• How would you feel if you could no longer use [your product]? [This the Product Market fit formula. 40% very disappointed is considered market fit] (Very disappointed / Somehwat disappointed / Not disappointed / Not applicable — I no longer use your service.
  • What is the primary benefit that you have received from our product, and in general what do you love most about our product?
  • Have you achieved [core benefit of your product] using [Product]? [i.e. hired a freelancer, got insight into customer satisfaction, etc] (scale)
  • What motivates you to continue using this product?
  • How quickly is the product evolving?
  • How satisfied are you with customer support and working with the company? [The last two question indicate churn risk. It’s also a great diagnostic tool for exposing overselling. Do the salespeople in the company overpromise to attain quota, only for the product to disappoint later on?]
  • What’s the hardest part about using this product?
  • How would you improve our [product/service]? What might improve your experience using the product?
  • What would make you want to tell your peers about this product?
  • If you were not allowed to use our service, how would you do [process]?

Section 5: Improving Our Product — Part 2

This section goes deeper into your current product functions to find out, in a quantifiable way, which area needs the most attention. The bigger Job/process is split into smaller steps for which each the user need is measured. This section is based on JTBD (Jobs To Be Done) style questions which are always a importance and satisfaction question pair as shown below. I recommend also recommend include the step the user has to do just before, and just after, using your service, to look for opportunities to extend your product.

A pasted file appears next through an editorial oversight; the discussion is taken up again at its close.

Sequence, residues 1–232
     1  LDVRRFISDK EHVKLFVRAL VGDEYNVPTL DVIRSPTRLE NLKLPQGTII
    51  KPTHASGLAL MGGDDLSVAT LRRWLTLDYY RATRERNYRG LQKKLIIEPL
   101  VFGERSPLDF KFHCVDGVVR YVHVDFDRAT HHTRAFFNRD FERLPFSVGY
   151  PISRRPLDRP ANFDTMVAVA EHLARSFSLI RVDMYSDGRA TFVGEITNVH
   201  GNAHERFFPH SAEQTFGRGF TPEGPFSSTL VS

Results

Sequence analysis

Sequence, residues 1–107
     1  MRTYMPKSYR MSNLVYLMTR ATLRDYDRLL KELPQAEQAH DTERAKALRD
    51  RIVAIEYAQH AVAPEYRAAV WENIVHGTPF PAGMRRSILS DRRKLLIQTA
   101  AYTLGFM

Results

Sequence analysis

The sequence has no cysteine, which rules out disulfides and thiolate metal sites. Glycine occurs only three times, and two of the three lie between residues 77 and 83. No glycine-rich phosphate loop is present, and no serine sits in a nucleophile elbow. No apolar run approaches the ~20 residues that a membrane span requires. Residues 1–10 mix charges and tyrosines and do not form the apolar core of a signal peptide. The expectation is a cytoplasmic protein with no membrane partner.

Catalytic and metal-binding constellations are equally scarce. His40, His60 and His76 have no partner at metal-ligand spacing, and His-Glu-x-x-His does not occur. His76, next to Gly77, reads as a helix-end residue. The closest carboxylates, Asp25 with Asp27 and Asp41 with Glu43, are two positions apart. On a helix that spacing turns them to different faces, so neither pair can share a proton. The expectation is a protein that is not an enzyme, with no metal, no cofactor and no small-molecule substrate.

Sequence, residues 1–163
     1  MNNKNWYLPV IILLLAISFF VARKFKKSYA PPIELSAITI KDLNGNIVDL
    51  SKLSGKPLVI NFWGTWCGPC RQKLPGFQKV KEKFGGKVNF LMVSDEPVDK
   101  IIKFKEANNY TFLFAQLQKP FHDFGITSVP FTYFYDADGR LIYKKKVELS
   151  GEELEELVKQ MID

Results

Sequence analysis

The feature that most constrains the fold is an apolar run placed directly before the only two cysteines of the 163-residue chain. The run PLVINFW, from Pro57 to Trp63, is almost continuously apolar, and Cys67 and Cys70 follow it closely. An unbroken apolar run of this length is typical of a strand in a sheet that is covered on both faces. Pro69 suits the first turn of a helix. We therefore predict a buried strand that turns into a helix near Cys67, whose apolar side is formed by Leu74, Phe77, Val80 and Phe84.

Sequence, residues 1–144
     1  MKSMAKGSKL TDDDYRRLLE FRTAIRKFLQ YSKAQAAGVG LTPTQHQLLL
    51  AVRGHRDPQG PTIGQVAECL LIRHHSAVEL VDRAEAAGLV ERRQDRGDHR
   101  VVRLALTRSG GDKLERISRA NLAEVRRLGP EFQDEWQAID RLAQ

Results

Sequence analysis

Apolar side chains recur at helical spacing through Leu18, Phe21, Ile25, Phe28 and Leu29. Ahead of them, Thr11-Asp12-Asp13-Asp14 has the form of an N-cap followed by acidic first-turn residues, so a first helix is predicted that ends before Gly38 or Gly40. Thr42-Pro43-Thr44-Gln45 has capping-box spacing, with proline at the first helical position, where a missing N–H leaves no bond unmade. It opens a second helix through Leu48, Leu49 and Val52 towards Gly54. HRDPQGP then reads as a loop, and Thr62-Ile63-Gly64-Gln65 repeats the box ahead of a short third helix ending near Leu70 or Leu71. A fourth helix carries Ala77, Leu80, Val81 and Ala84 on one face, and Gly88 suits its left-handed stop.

• [Example sub-need/outcome: Setting the optimal project budget (other examples: Writing the project brief]
    • How important is this to you? 1. Not at all important / 2. Slightly important / 3. Moderately important / 4. Very important / 5. Extremely Important. [There is science behind these two scales, I recommend to keep them as is]
    • How satisfied are you with the way you are currently doing this (with our product or otherwise)? 1. Completely dissatisfied / 2. Mostly dissatisfied / 3. Somewhat dissatisfied / 4. Neither satisfied nor dissatisfied / 5. Somewhat satisfied / 6. Mostly satisfied / 7. Completely satisfied
  • [Example sub-need/outcome: Selecting the best freelancers by scoring their relevant experience, certificates, customers ratings, etc] (and then the same 2 questions as above (importance and satisfaction))